Bangalore, novembre 2006
Peaceful non-violent pressure and resistance can go hand in hand with negotiation and dialogue
India has been described by the Nobel prize winning writer V.S.Naipaul as the land with a million mutinies. In a poor country with a population of more than 1 billion people it is natural to expect many conflicts, some small and a few that are very serious.
Mots clefs : Développement et paix | Exploitation durable et responsable de l'eau | Réorganisation de l'économie pour le partage équitable des biens à l'échelle régionale | Initiatives de développement durable | Théorie de la non-violence | La paix selon le bouddhisme | Résolution non violente des conflits | Résistance non violente | Stratégie non violente | Gandhi | Bouddha | S'opposer de façon non-violente à la guerre | Négocier pour rechercher la paix | Inde
About 300 million Indians earn less than one euro a day. They live a hand to mouth existence. At the same time the new technological sectors (like information technology) are booming, and hundreds of thousands of middle class men and women are finding well paid jobs. Development is increasing the gap between the rich and the poor.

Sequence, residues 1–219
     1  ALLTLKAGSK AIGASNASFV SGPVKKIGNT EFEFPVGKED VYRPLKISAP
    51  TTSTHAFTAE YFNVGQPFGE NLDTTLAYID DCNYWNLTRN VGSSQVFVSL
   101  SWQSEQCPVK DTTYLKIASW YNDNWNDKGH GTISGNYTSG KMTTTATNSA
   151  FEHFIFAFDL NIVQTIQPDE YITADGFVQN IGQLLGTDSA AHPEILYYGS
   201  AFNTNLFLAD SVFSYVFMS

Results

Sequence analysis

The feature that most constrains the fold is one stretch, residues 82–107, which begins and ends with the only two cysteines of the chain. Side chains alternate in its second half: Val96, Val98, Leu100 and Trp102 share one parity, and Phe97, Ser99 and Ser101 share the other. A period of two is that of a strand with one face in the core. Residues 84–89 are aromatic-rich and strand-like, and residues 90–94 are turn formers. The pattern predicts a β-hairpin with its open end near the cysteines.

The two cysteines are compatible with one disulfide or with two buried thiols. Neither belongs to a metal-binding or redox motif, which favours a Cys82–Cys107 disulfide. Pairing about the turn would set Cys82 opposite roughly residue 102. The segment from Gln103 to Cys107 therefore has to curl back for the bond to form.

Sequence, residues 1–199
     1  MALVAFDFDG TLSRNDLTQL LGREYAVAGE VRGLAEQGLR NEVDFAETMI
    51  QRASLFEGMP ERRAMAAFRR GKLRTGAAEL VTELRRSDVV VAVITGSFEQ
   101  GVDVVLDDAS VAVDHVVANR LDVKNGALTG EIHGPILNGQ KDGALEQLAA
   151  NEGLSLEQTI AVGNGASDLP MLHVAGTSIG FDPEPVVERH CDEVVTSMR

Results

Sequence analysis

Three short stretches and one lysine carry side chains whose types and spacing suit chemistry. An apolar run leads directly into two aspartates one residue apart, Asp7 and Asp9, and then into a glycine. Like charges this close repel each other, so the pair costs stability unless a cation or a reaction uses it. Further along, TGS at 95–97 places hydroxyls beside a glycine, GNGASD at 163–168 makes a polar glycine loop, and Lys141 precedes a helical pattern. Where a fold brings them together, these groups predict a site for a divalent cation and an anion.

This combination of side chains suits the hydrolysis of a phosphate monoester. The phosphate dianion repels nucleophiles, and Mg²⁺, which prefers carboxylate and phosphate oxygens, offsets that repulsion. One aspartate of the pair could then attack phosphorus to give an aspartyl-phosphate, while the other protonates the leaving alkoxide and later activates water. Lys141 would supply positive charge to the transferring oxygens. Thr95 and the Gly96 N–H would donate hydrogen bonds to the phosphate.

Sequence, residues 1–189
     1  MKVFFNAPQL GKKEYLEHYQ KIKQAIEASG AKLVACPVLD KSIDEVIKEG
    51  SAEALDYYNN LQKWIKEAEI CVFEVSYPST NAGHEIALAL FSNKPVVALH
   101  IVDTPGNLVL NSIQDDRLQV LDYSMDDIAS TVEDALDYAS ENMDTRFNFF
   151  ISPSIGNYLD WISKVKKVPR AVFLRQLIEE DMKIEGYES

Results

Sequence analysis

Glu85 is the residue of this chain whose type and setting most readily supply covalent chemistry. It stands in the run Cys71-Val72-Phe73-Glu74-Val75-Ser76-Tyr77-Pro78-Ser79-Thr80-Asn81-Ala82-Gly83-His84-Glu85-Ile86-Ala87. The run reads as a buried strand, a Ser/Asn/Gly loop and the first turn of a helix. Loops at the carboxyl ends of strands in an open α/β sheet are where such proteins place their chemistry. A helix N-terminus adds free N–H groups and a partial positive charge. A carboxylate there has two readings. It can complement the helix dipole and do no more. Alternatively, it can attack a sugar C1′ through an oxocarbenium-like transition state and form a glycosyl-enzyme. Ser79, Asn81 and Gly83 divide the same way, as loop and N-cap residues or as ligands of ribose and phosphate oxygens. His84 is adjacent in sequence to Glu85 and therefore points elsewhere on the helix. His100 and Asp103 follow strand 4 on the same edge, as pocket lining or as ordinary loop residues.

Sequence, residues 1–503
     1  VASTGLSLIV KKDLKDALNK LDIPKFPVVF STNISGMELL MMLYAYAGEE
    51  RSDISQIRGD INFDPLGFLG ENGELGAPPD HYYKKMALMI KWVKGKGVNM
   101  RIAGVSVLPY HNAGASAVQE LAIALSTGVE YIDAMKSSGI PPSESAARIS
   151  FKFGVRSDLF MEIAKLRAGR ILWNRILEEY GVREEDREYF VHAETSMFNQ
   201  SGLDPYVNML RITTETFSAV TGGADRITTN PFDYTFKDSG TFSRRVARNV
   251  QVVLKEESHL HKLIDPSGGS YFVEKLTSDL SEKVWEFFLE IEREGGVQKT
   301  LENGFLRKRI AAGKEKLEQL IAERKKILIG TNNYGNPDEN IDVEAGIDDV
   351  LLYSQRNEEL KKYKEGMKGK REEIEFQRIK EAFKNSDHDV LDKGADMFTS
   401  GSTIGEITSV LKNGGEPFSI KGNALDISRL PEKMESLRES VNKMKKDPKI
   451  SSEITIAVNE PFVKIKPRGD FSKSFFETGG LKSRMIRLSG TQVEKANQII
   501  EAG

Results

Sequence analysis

Conflicts range from inter-religious one’s where thousands of people can get killed, to farmers movements protesting against conditions where every day some farmers commit suicide, to the displacement of tribal communities when a dam is being built or a big factory built on their lands. On the environmental front the dramatic lowering of the water table is causing enormous hardship to the poor, and there are many water conflicts that have risen all over the country.
At the same time India has a long history of non-violent social transformation from the Buddha to Mahatma Gandhi. Gandhi believed that there was enough for everyone’s needs but not enough for even one man’s greed. The challenge for India, and the world, is to develop sustainable development patterns that do not create social injustice and environmental degradation. Peace should be the name for sustainable development.
Irenes and Pipal Tree propose an approach of non-violent pressure groups and lobbies (and peaceful confrontation where necessary) that always keeps open the doors for negotiation and dialogue. Such an approach that considers everybody a stakeholder in the well being of society may more successfully address the problems of the poor than one that polarizes along sharply rigid lines, where the reaction may be strong and the poor are the sufferers in the long run. Peaceful non-violent pressure and resistance can go hand in hand with negotiation and dialogue.
Irenees and Pipal Tree hope to bring civil society, political and religious leaders, bureaucrats, businessmen and the media into the advocacy/mediation programme we have described below.